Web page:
The announcement today also cancelled the Child Tax Credit (CTC), which is that $2,000 per child ($2,234 this year) non-refundable credit (so really only 15 per cent of that) that the same Conservative government had introduced in its first budget first budget, back in 2007. You have to have something in the order of six children to get a true $2,000 value out of that credit. Still, cancelling one non-refundable credit and introducing another means that the maximum $2,000 in income-splitting for a one-child family, is actually more like $1,670 net and that number goes down with more kids. That CTC, by the way, could be claimed by single parents. The proposed income-splitting can’t.
It sounds like couples can claim the new income-splitting credit, but they don’t have to. The United States gives married couples a similar choice on income-splitting by letting them chose between filing together or filing separately. Looking at recent tax statistics from the Internal Revenue Service, about 68 million returns were filed jointly by couples (including 19 million single-earner couples) and another 69 million Americans filed separately. Why do only some file jointly? The answer: higher incomes. Couples with one earner who opt to file a joint return have by far the highest average incomes at $65,000—compare that to average incomes of single filers at just $29,700. When given choices, tax-payers walk with their feet and the ones in nicer loafers know to head straight for income-splitting.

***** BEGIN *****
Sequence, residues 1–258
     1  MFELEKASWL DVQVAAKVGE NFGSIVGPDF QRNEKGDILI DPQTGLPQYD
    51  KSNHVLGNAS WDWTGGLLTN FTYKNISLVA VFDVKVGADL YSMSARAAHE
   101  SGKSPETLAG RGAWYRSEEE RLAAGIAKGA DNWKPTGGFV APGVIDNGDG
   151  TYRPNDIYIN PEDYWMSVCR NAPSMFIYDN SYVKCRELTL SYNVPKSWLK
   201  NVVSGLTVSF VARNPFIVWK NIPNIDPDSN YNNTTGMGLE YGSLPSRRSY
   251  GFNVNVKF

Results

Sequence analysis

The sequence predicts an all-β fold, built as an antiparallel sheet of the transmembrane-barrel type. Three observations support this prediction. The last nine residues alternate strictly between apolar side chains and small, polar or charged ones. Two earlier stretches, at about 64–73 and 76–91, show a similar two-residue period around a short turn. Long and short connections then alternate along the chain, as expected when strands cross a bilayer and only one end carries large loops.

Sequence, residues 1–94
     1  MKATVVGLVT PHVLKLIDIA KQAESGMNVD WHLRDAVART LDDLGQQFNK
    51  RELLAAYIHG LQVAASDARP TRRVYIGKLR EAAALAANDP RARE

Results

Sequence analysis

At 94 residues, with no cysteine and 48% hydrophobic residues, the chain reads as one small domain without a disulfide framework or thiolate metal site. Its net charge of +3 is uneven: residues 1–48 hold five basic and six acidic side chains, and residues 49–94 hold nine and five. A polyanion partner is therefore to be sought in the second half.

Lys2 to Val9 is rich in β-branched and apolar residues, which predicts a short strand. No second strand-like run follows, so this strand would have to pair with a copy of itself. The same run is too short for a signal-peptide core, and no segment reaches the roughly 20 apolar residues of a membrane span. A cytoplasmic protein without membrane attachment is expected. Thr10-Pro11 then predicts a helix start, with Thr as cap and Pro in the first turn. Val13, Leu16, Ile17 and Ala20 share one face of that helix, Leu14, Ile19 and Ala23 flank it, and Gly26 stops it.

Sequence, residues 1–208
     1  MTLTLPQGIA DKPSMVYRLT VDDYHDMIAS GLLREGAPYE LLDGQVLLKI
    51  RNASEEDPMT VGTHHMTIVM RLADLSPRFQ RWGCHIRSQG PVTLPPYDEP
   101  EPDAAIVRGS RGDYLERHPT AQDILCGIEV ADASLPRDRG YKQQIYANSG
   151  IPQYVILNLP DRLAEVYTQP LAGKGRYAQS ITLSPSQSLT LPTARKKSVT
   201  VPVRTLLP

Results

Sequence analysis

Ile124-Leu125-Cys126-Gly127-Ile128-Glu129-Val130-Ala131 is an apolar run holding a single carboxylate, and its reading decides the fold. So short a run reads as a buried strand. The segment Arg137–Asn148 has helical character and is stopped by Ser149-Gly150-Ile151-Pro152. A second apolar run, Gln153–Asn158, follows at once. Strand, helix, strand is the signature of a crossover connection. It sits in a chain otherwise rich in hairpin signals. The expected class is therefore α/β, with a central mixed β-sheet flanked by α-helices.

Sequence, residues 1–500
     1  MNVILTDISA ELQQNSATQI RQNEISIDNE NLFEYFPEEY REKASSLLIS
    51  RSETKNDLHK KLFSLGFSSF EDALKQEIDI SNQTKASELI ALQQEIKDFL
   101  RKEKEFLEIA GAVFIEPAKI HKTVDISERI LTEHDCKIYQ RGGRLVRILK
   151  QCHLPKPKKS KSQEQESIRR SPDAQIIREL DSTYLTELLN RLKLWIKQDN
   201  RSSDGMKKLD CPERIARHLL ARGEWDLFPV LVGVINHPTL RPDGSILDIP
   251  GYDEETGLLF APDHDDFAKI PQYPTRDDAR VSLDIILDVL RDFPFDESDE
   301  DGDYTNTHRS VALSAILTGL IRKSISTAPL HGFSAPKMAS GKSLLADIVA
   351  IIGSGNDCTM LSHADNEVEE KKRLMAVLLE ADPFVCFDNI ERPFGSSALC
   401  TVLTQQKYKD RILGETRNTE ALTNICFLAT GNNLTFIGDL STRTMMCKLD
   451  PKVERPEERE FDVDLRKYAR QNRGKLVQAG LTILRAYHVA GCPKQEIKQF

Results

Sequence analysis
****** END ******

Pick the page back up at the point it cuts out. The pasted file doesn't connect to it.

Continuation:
Most people have presumed the imagined target audience for income-splitting are male-female couples with kids where one spouse is staying home while the other works full-time. But, at the median, this family isn’t likely to get anything out of income-splitting. There are 672,000 male-female couples with kids where only the husband works. They have a median income a little over $40,000. [i] When gender roles reverse (another 254,000 families), female-breadwinning couples with kids have a median income even lower, at $33,000. In neither case will the “average” of these family types get any real benefit from splitting when they’re already in the lowest bracket. The additional money from the Universal Child Benefit and Childcare Expenses Deduction won’t change that.
As a feminist, I actually think it’s really important to recognize the value of all the unpaid production done in households. There’s an amazing scene in The Women’s Room [ii], when the main character presents her husband with a huge bill for the market value of all the services she provided as a stay-at-home spouse during their marriage: childcare, cleaning, personal shopping, gardening, personal chef and more. If we were serious about recognizing the value of at-home unpaid production, we probably couldn’t afford it. Today’s proposal on income-splitting says that all that work is worth no more than $7.69 per day.[iii] Worse, this proposal tells lower and modest-income couples with kids and single-parent families that all their unpaid production isn’t worth anything at all.
Jennifer Robson is an Assistant Professor at Kroeger College, Carleton University. Her teaching and research are in the areas of public policy and political management. She lives in Ottawa with her partner and three kids.